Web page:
Last Wednesday I stopped by the Sony store at the Century City Mall here in West Los Angeles, where the company was holding a launch event for their Tablet S.
The Tablet S is one of two Sony tablets that the company plans on releasing. The S sports a 9.4-inch touchscreen with 1280×800 resolution. While the version I played with was loaded with Android 3.1, Sony reps said they planned to ship it with 3.2 in the coming day or days.
Under the hood is a dual core Nvidia Tegra 2 1Ghz processor. It’s repelete with webcams on either side (5MP in the back, .3MP on the front for video chatting), Bluetooth, WiFi, a micro USB ports, an infrared port (more on that later), accelerometer and a 5000mAh battery.
To be clear, I’m not an Android guy. In fact I’ve never been a huge fan of the OS, since I find it relatively clunky compared to the smoother, more refined Apple iOS. However, I realize that both have their caveats and depending on what side of the tech aisle you sit on you’ll either agree or disagree with me. Ultimately my point is that the Tablet S doesn’t function in quite the same smooth and sleek fashion as the iPad. It felt a bit jerky as I swiped between screens and didn’t boast the same pin point touchscreen accuracy as found on Apple’s tablet.
Surfing the web however was a pleasurable experience despite the above mentioned shortcoming. Even on the Sony store’s some what slow WiFi, pages loaded quickly in the browser. GadgetReview appeared in full and didn’t show any glitches in terms of rendering. I didn’t have a chance to check out a flash based site or video, but the Tablet S, thanks to Android 3.1 is fully compatible with both.
So I’ve owned and used the first iPad since day one of its release. I’m also an iPhone user, so fair to say I’m familiar with the iOS’ UI. And perhaps this is why I found the UI of Sony’s tablet so daunting. There are a variety of home screens that can be customized to your liking – a core feature of Android. However, they also offered a variety of short cut buttons or tabs that I’m still trying to make sense of. There is also a set of short cut buttons to move back to the previous page and return to the home screen. But, again, this judgement is derived from not more than 10 minutes of use. So by no means is it a fair and balanced evaluation, but nonetheless I could foresee why the average consumer could be deterred from purchasing the device at first blush.
And now something about that infrared sensor. It’s tech that has long expired in terms of handheld devices. But in the case of the Tablet S it’s a welcome feature since it transforms the touchscreen device into a giant remote control for any infrared device, such as a TV, Blu-ray player or any other home theater equipement. Take that Apple, though you could by an IR attachment for your iPad or iPhone an accomplish a comparable feat.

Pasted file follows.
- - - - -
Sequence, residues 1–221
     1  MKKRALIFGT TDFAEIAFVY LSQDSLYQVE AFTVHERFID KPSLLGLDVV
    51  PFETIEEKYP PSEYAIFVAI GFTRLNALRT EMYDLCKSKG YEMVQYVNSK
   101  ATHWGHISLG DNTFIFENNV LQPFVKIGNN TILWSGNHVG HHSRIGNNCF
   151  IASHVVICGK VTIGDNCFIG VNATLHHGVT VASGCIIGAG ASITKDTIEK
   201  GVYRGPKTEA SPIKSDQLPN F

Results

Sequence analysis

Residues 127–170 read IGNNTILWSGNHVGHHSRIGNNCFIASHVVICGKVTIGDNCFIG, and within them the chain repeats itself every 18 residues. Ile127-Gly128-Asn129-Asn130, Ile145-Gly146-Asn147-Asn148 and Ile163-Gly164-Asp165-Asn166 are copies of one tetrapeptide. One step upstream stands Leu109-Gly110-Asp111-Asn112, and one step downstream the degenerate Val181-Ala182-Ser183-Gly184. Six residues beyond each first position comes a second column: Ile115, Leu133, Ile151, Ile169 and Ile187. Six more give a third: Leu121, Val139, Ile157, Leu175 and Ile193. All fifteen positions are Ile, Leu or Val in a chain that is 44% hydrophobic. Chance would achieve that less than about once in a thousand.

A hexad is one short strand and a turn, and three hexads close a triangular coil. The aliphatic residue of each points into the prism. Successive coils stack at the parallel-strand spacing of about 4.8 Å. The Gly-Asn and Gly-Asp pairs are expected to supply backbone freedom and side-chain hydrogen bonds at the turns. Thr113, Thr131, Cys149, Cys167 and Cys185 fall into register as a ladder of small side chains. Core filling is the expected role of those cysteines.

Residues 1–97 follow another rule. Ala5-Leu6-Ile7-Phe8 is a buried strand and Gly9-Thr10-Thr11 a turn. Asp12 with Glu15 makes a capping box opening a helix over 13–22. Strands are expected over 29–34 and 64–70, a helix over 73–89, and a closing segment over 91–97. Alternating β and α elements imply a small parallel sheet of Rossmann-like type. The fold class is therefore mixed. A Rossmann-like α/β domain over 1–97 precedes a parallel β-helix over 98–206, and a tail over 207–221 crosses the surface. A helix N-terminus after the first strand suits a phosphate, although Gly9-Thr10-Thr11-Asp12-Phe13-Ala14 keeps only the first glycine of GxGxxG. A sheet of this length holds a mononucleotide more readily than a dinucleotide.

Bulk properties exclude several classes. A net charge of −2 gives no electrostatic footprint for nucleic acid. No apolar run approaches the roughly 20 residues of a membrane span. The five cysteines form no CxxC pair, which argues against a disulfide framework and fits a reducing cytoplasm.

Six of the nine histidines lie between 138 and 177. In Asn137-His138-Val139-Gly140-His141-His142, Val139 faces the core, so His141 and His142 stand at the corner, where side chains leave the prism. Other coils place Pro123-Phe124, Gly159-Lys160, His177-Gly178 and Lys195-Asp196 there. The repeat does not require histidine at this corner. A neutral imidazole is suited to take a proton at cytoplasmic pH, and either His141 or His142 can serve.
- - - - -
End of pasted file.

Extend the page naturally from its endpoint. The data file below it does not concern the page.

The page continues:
The Tablet S is DLNA compatible. This means you can stream content to any DLNA compatible products sans wires. Convenient if you’re hanging with a bunch of friends and you want to show off your home movies or pictures on the big screen. Me and store rep tested this feature out. While he was able to transfer the pic to a TV, the setup process to connect a compatible device isn’t as simple as I hoped. In an ideal world the tablet would walk you through the setup process as soon as you engaged the feature. Unfortunately, based on what I saw you have to located the necessary settings menu, add the device (much like pairing a new Bluetooth device) and then return to the media you’re trying to beam. Is this a caveat of Android or Sony’s Tablet S? I don’t know, but it seemed to contradict the intent of DLNA, which is simplicity.
So here’s the deal. We’re trying to get our hands on a review unit. James has reviewed a many Android devices so he’ll be able to provide a review in respect to other Android devices on the market. You’ll never get me to buy an Tablet S, but I’m an Apple user to the bone. I wrote this post on a Macbook Air while listening to tunes pumping through my iPad just after receiving a call on my iPhone. Get the point?
The Tablet S is available now for $499.99 and $599.99. It ships in two capacities, 16GB and 32GB respectively, and can be expanded thanks to an SD card slot.
Grew up back East, got sick of the cold and headed West. Since I was small I have been pushing buttons - both electronic and human. With an insatiable need for tech I thought "why not start a blog focusing on technology, and use my dislikes and likes to post on gadgets."